After reading about Morgan Spurlock's experiment, I decided to email you to explain my experience when I temporarily got away from my active, vegetarian lifestyle. Diet does make a difference-BIG TIME!!

D. F., Florida


Words of Wisdom

“We cannot live for ourselves alone. Our lives are connected by a thousand invisible threads, and along these sympathetic fibers, our actions run as causes and return to us as results”.

Herman Melville
 

Food For Thought

Curry powder, which is one of the ingredients in this week’s recipe below, is a blend of up to 20 spices, the kinds and amounts of which vary depending on the region in India that it comes from. Curry is generally made with a mixture of turmeric, chili powder, cumin, ginger, coriander, fennel, whole cloves, mustard seeds, cardamom and whole black peppercorns. In the U.S., commercial curry comes in standard and Madras styles, the latter is hotter and both are widely available at any health food store or supermarket.

Of course, for best flavor and aroma, make your own batch of fresh curry. Here's how:

Ingredients:
1 tablespoon cumin seeds
1 tablespoon coriander seeds
1 tablespoon cardamom seeds
1 tablespoon black peppercorns
1 teaspoon fennel seeds
½ teaspoon whole cloves
½ teaspoon yellow mustard seeds
1 dried red chile, seeded and chopped
¼ teaspoon ground ginger
¼ teaspoon chili powder
1 tablespoon turmeric

Toast all the spice seeds together for 2 to 3 minutes over low heat shaking the pan constantly to keep them from burning. Transfer to a clean coffee grinder or spice mill along with the dried chili and ground to a fine powder. Add ginger, chili powder and turmeric mixing well. Store in airtight container and keep in a cool dry place.


Vegetarian Organic Recipe of the Week



Click on the picture for a closer look!

Spicy Tofu with Cauliflower and Chickpeas (vegan)
Serves 4

If you're in the mood for Indian food or spicy curry flavors, this complete-protein dish will do the trick. It has captures the delicious Indian savory flavors and aromas combined with Mexican chipotle. And although is low in fat and calories, it is rich in flavor and nutrients.

About the ingredients

Chipotle is a smoked-dried and very hot chile (jalapeño) pepper that is generally added to soups, stews and sauces for flavor and spiciness. The chipotle chile, which is dried by smoking, has a deep dark red color and looks wrinkled. Dried chipotle is often not easy to find. But canned chipotle “en adobo,” a tomato-based sauce flavored with spices and vinegar, is sold at most supermarkets and all Mexican grocery stores. Canned chipotles will last a several weeks to several months. Once the can is open, transfer the remaining peppers and sauce to a glass container and keep covered airtight and refrigerate for later use. Dried chipotles will last for several months but must be stored in a cool and dry place.

Preparation time: 5 minutes Cooking time: 20 minutes Equipment: Food processor or blender

Get ingredients ready (use organic ingredients if possible)
1 tablespoon canola, sunflower or safflower oil (such as Rapunzel)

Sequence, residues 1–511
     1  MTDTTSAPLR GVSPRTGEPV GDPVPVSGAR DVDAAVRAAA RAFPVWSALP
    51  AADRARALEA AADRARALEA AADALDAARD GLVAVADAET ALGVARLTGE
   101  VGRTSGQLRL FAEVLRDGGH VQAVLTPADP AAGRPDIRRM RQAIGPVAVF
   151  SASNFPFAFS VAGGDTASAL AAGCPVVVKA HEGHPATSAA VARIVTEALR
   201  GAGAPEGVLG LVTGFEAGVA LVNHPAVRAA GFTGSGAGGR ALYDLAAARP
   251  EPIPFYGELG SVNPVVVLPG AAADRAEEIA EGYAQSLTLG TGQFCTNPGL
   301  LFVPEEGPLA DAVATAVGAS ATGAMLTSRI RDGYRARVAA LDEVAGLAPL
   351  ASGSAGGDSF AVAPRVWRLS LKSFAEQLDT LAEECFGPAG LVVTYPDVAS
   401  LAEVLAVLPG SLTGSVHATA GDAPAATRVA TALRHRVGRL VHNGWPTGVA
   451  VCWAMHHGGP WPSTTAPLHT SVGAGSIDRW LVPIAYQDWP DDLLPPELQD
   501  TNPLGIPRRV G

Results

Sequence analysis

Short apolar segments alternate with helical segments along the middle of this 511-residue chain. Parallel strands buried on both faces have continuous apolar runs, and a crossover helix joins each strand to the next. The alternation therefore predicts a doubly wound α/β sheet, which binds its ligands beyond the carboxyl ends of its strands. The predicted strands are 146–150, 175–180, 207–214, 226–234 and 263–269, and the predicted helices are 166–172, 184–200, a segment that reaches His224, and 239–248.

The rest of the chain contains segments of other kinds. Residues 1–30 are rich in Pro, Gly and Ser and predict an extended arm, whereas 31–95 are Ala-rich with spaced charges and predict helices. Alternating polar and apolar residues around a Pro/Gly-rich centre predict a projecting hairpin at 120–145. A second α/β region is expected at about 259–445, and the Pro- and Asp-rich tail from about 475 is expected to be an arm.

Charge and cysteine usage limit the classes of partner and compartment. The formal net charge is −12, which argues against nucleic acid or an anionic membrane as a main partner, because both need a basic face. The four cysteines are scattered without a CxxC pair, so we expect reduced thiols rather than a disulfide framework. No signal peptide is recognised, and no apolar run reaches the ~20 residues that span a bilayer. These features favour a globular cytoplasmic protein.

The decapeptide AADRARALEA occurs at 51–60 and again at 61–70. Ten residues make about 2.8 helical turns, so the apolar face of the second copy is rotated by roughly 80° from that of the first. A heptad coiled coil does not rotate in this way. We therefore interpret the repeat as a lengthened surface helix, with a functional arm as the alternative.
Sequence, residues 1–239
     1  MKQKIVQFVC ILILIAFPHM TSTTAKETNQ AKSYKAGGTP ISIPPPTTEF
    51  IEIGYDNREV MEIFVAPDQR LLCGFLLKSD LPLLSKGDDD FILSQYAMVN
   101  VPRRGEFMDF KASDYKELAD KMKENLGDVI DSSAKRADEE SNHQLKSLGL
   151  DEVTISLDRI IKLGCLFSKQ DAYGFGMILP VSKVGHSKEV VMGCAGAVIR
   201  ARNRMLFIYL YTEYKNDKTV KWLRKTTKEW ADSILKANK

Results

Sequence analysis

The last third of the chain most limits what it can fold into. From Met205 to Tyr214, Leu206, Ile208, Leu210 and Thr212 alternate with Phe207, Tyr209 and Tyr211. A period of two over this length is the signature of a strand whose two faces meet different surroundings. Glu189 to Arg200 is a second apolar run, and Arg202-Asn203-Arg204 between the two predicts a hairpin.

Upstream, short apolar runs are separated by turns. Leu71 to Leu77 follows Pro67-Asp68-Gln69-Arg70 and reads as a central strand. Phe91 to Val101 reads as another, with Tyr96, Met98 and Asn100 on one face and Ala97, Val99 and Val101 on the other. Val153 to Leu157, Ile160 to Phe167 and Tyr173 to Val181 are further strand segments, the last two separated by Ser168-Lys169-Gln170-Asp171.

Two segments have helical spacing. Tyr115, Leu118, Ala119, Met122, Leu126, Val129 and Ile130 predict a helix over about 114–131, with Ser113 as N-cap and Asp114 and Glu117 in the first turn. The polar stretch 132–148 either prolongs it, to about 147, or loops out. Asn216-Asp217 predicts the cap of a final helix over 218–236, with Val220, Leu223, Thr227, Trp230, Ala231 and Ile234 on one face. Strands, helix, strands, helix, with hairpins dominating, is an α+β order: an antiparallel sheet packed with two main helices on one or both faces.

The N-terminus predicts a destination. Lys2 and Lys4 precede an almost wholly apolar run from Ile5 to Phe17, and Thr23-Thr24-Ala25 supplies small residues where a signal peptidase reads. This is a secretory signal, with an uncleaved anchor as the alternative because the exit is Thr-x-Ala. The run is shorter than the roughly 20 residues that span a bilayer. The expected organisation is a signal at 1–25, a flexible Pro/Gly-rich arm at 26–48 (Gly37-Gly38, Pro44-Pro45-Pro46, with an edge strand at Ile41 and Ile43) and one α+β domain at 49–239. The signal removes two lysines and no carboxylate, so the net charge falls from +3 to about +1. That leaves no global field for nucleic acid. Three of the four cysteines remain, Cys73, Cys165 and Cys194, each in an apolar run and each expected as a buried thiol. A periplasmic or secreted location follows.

1 tablespoon trans fat free margarine (such as Earth Balance)
4 fresh garlic cloves
1 medium onion peeled, cut in 4 pieces
2 tablespoons curry powder
2 teaspoons ground cumin
½ teaspoon red pepper flakes
1 teaspoon peeled fresh ginger, grated
3 cups fresh cauliflower florets
2 cups cooked chickpeas, drained and rinsed (or canned chickpeas)
14 ounces fresh firm tofu, cubed (¼ inch cubes)
6 whole peeled tomatoes (or canned whole peeled tomatoes)
½ small chipotle pepper (dried or canned)
Sea salt
¼ cup fresh cilantro, chopped (for garnish)

1. Process garlic and onions in the food processor or blender until finely chopped (or chop by hand with knife). In large pot, heat oil and margarine over low heat and add garlic and onions stirring and sautéing over medium heat for 5 minutes.

2. In the meantime, in a small bowl, combine curry powder, cumin and red pepper flakes mixing well. Add ginger to cooked onion mixture stirring well. Add curry powder spice blend to onion mixture stirring thoroughly. Add cauliflower, mix well, cover with lid and cook for 3 minutes.

3. Meanwhile, process chipotle pepper and tomatoes in food processor or blender and set aside. Add chickpeas and tofu cooking and stirring for 2 minutes. Stir in tomato mixture, toss well and cook covered with lid for 5 minutes. Add salt if desired, top each serving with cilantro and serve.

Nutrition Facts:

Amount Per Serving

 

 

Calories

263.07

 

Calories From Fat (39%)

102.02

 

 

% Daily Value

Total Fat 11.90g

18%

 

Saturated Fat 1.83g

9%

 

Monounsaturated Fat 3.76g

 

 

Polyunsaturated Fat 5.36g

 

 

Trans Fatty Acids 0.00g

 

 

Cholesterol 0.00mg

0%

 

Sodium 53.95mg

2%

 

Potassium 665.81mg

19%

 

Carbohydrates 26.30g

9%

 

Dietary Fiber 8.61g

34%

 

Sugar 6.07g

 

 

Sugar Alcohols 0.00g

 

 

Net Carbohydrates 17.68g

 

 

Protein 17.33g

35%

 

 

% Daily Value

Vitamin A 672.03IU

13%

 

Vitamin C 33.91mg

57%

 

Calcium 515.15mg

52%

 

Iron 4.64mg

26%

 

Vitamin E 0.03IU

0%

 

Thiamin 0.24mg

16%

 

Riboflavin 0.16mg

9%

 

Niacin 1.24mg

6%

 

Vitamin B6 0.36mg

18%

 

Folate 157.40µg

39%

 

Pantothenic Acid 0.65mg

7%

 

Phosphorus 268.33mg

27%

 

Magnesium 86.98mg

22%

 

Zinc 2.25mg

15%

 

Copper 0.53mg

26%

 

Manganese 1.63mg

82%

 

Selenium 14.46µg

21%

 

Percent daily value based on a 2000 calorie diet.

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This newsletter is not intended to provide and replace medical advice. The author and editor expressly disclaim all responsibility for any adverse effects resulting from any information, diet or exercise suggestions. It is imperative that the advice of a physician is sought before any diet or exercise programs are adopted.

Copyright© 2003-2004 Amira Elgan. All Rights Reserved.